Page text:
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New Member

GRE tunnel and MTU size

Hi,

I configured two 1710 routers for transparent bridging in a trunk (802.1q) link. The routers are connected with a tunnel, which also part of the bridge. For packets below 1468 bytes a ping between both end points works fine. A ping with bytes larger as 1468 bytes doesn’t work. I have changed the ip MTU on the tunnel interfaces from 1500 to 1532, but that didn’t work, I even made the ip mtu smaller but that didn’t also work, who can give me advise. I have changed the DF bit but that didn’t have any result.

What I’m I doing wrong? who can give me some tips?

Regards,

Michiel

SWITCH

| (802.1q trunk)

|

| (bridge interface)

ROUTER

: (bridge interface)

:

: (bridge interface)

ROUTER

| (bridge interface)

|

| (802.1q trunk)

SWITCH

---------------------------------------------

version 12.2

service timestamps debug datetime msec

service timestamps log datetime msec

no service password-encryption

!

hostname Router1

!

logging queue-limit 100

!

memory-size iomem 25

ip subnet-zero

!

!

no ip domain lookup

!

ip audit notify log

ip audit po max-events 100

!

interface Loopback0

no ip address

no ip mroute-cache

!

interface Tunnel0

no ip address

tunnel source FastEthernet0

tunnel destination 192.168.1.248

bridge-group 1

!

interface Ethernet0

no ip address

no ip mroute-cache

half-duplex

bridge-group 1

!

interface FastEthernet0

ip address 192.168.0.248 255.255.255.0

no ip mroute-cache

speed auto

!

ip classless

ip route 192.168.1.0 255.255.255.0 192.168.0.253

no ip http server

no ip http secure-server

!

bridge 1 protocol ieee

!

line con 0

line aux 0

line vty 0 4

exec-timeout 15 0

password cisco

login

!

end

version 12.2

service timestamps debug datetime msec

service timestamps log datetime msec

no service password-encryption

!

hostname Router2

!

logging queue-limit 100

enable secret xxxxxx

!

memory-size iomem 25

ip subnet-zero

no ip routing

!

!

no ip domain lookup

!

ip audit notify log

ip audit po max-events 100

!

interface Loopback0

no ip address

no ip route-cache

no ip mroute-cache

!

interface Tunnel0

no ip address

ip access-group 101 out

tunnel source FastEthernet0

tunnel destination 192.168.0.248

bridge-group 1

!

interface Ethernet0

no ip address

no ip route-cache

no ip mroute-cache

half-duplex

bridge-group 1

!

interface FastEthernet0

ip address 192.168.1.248 255.255.255.0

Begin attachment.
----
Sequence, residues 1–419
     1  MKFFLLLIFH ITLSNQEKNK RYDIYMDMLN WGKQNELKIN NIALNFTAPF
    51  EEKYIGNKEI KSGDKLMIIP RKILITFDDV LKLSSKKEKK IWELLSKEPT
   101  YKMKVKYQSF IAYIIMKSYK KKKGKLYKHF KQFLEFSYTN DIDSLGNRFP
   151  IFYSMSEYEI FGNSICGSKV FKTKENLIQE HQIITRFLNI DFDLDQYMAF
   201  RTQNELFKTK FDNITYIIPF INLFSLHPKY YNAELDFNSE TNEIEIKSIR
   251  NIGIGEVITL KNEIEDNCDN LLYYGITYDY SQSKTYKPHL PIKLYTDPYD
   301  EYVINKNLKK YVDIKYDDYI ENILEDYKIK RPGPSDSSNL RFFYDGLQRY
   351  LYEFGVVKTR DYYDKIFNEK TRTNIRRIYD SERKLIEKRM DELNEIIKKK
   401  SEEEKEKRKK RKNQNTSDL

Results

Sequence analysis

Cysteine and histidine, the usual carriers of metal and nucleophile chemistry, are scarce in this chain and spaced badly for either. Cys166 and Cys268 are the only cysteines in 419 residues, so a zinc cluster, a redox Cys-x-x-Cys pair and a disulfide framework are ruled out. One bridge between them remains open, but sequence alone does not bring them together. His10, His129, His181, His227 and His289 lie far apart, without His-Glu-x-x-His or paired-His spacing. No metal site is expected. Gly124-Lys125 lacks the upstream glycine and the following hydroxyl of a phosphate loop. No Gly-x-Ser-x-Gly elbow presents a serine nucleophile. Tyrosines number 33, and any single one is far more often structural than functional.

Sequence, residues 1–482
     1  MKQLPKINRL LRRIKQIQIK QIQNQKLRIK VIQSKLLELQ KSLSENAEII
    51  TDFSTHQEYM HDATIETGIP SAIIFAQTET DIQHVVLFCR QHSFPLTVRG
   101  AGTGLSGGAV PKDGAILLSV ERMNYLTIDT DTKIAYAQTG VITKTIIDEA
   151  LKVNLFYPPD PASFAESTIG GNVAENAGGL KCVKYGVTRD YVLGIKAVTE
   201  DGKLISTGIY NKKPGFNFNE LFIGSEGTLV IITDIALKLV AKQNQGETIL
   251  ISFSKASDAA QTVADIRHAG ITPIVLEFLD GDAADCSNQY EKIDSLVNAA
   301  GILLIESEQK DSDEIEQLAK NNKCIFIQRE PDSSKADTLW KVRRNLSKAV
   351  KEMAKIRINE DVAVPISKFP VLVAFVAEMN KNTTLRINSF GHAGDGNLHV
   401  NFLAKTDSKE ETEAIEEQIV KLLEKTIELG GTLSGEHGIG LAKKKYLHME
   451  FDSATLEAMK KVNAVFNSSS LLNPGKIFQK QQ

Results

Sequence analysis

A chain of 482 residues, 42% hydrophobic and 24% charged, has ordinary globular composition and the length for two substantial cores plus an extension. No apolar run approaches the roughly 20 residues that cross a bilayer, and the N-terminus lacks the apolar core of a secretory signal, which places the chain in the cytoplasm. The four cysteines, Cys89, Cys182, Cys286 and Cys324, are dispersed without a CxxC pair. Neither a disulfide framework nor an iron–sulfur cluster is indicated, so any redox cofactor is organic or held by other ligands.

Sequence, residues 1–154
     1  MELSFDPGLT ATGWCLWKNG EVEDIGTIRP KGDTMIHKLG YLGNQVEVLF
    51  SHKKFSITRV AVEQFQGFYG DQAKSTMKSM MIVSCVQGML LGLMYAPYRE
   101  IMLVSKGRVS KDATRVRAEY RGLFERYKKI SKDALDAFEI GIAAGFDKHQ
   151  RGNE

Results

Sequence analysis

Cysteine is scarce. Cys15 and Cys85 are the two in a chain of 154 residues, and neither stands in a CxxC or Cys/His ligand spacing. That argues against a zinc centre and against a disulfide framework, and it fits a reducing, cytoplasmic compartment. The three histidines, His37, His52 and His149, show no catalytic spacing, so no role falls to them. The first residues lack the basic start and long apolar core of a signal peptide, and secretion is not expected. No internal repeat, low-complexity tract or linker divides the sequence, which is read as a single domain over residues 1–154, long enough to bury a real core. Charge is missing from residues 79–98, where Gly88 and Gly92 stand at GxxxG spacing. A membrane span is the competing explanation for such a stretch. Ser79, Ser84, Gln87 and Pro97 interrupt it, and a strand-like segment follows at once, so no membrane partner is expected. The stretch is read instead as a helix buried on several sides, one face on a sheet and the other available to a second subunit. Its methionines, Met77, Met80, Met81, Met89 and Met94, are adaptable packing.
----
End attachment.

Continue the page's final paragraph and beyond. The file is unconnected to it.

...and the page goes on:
no ip route-cache

no ip mroute-cache

speed auto

!

ip classless

ip route 192.168.0.0 255.255.255.0 192.168.1.253

no ip http server

no ip http secure-server

!

bridge 1 protocol ieee

!

line con 0

line aux 0

line vty 0 4

exec-timeout 15 0

password xxx

login

!

end

1 ACCEPTED SOLUTION

Accepted Solutions

Re: GRE tunnel and MTU size

The only way to verify the status of the DF-bit is to use a packet analyzer. I would not be surprised if it is on because the default behaviour for a tunnel is to fragment frames.

The IP mtu you have set is just known to the router, end hosts have no way to detect this except perhaps through icmp. When you get the end nodes to use an IP mtu of 1430, it should work.

The fact that you are bridging means that you lose an extra 18 bytes for the mac-header plus 4 due to the dot1q tag.

When you route across the tunnel, the mac-header is not sent with the datagram. Besides, you also save out the broadcast packets so this is a slightly more efficient method.

Regards,

Leo

4 REPLIES
New Member

Re: GRE tunnel and MTU size

I don't certain ,but the tunnel interface is based on the physical interface,so if you also change mtu on physical int traffic flows by , may be it will works.

Re: GRE tunnel and MTU size

You will not be able to set an MTU to any value beyond 1500. The switch will allow for the extra 4 bytes from the dot1Q encapsulation to be transmitted but that is it.

Normally, this will not be a problem as the IP datagrams will be fragmented. Only traffic with the DF-bit set will be discarded if the datagram is larger than your MTU.

To solve this, you should set the IP mtu to a value that fits through the tunnel. Hence you should reduce the MTU, not enlarge it.

Remember that the MTU is the payload of an ethernet packet, IP MTU is the payload of an IP datagram. This is typically 20 bytes less than the ethernet MTU.

From your config, I deduced that you are using a GRE tunnel. This adds 8 bytes to the overhead.

The dot1Q encapsulation counts up to four extra bytes. So 1500 -(20+8+4) = 1468 bytes.

As you are bridging, this is the maximum datagram size for your tunnel.

The IP MTU for traffic that needs to traverse the tunnel will then be 1468 - (18 +20) = 1430 bytes.

Regards,

Leo

New Member

Re: GRE tunnel and MTU size

thanks for your comment,

I have changed the IP MTU on the tunnel interface to 1430 bytes and even to 1400 bytes. But when I do a ping larger as 1468 bytes the pings will not be replied. Because I do a default ping in dos, the DF bit is not set.

question: Is it possible that the IP MTU on the tunnel interface is not used, because I'm bridging and not routing?

Re: GRE tunnel and MTU size

The only way to verify the status of the DF-bit is to use a packet analyzer. I would not be surprised if it is on because the default behaviour for a tunnel is to fragment frames.

The IP mtu you have set is just known to the router, end hosts have no way to detect this except perhaps through icmp. When you get the end nodes to use an IP mtu of 1430, it should work.

The fact that you are bridging means that you lose an extra 18 bytes for the mac-header plus 4 due to the dot1q tag.

When you route across the tunnel, the mac-header is not sent with the datagram. Besides, you also save out the broadcast packets so this is a slightly more efficient method.

Regards,

Leo

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4
Replies